Federal Judge Strikes Down Work Requirements for Medicaid Recipients
U.S. District Judge James Boasberg blocked the state of Kentucky from requiring Medicaid recipients to work to retain benefits. Boasberg also discontinued the same requirements in Arkansas in his ruling. This is the second time in nine months that Boasberg has ruled against the work requirement.
Arkansas Work Requirements
In March 2018, the U.S. Health and Human Services department (HHS) approved the “Arkansas Works Amendments” (AWA), which was designed to foster better health outcomes and personal independence.
Since the AWA was implemented, 16,000 Arkansas residents have lost Medicaid coverage, leading to a federal lawsuit filed by 10 plaintiffs who were affected. Boasberg felt that the work requirements were “arbitrary and capricious.” He also found that it violated requirements set forth under the Affordable Care Act (ACA).
The Arkansas amendment reduces the income eligibility from 133 percent, as set by the ACA, to 100 percent of the federal poverty level. It also requires some recipients to find employment and eliminates retroactive health coverage. HHS approved the work requirements and retroactive insurance limitations, requiring most able-bodied adults between the ages of 19 and 49 to complete 80 hours of employment or other qualifying activities. Compliance was to be reported through an online portal each month.
Medically frail enrollees, pregnant women, full-time students and those in drug or alcohol programs were exempt from the work requirements. Less than 1,700 of the 13,653 people who were required to comply did so as of the beginning of November 2018. Many of those who lost coverage due to non-compliance claimed they did not have access to online services to provide the report necessary to meet the requirements.
Kentucky Work Requirements
HHS approved the Kentucky HEALTH initiative in January 2018, an experimental project designed to transform the state’s Medicaid program. The main purpose of the change was to require able-bodied Medicaid recipients to obtain employment or perform community engagement projects in order to remain eligible.
The courts determined that there were flaws in the program, including the number of people who could lose coverage under the new regulations. They denied the implementation of Kentucky HEALTH and the state revised the plan, which was approved by HHS in November 2018.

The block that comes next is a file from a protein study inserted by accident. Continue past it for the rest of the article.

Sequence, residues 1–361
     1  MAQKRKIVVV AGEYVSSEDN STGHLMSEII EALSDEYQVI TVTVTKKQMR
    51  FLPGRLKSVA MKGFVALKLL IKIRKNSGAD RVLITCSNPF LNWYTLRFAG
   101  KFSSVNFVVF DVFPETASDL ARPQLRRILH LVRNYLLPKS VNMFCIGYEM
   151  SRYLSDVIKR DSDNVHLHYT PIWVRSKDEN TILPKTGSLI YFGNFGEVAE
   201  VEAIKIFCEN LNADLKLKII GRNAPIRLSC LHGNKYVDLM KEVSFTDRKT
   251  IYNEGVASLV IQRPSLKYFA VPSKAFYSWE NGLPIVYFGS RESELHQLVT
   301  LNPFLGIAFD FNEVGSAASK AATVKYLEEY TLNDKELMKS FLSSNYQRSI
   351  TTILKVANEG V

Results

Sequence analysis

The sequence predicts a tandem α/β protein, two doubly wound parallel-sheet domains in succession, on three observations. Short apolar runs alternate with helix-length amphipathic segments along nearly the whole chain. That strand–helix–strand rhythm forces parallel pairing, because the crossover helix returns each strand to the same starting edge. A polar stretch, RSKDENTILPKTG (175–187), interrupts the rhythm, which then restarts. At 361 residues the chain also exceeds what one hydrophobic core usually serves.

A lawsuit filed in federal court argued that the program had not been functionally changed from the original program and that it should be dismissed a second time. Boasberg agreed, denying the implementation of the plan for the second time in nine months.
The second approval of Kentucky HEALTH required certain Medicare recipients to meet community engagement requirements, which may include employment, job training, education, community service or participation in a Substance Abuse Disorder Treatment program. In addition, monthly premiums could be based on income or the length of time enrolled. The program could “lock out” beneficiaries for up to six months who failed to meet requirements for premiums or reporting.
Trump Administration and Conservative States
The Trump administration has long supported work requirements for able-bodied Medicaid recipients. Kentucky Governor Matt Bevin has threatened to eliminate the Medicaid expansion, dropping more than 400,000 enrollees, if the state is unable to implement its new rules. It is the governor’s belief that the work requirement could move adults from the program so that there are additional funds to help others.
Seema Verma, head of the Centers for Medicare and Medicaid Services (CMS), said that she would continue to approve work requirements. CMS feels that these measures give states greater flexibility to help low-income people climb out of poverty by allowing them to work or be trained in needed positions.
Statistics indicate that most Medicaid enrollees are already employed, looking for work or in school while others cannot work as they are caring for a loved one. The Trump administration and conservative states say they will continue to push for work requirements among able-bodied Medicaid recipients who currently have no barriers to obtaining employment despite the recent rulings.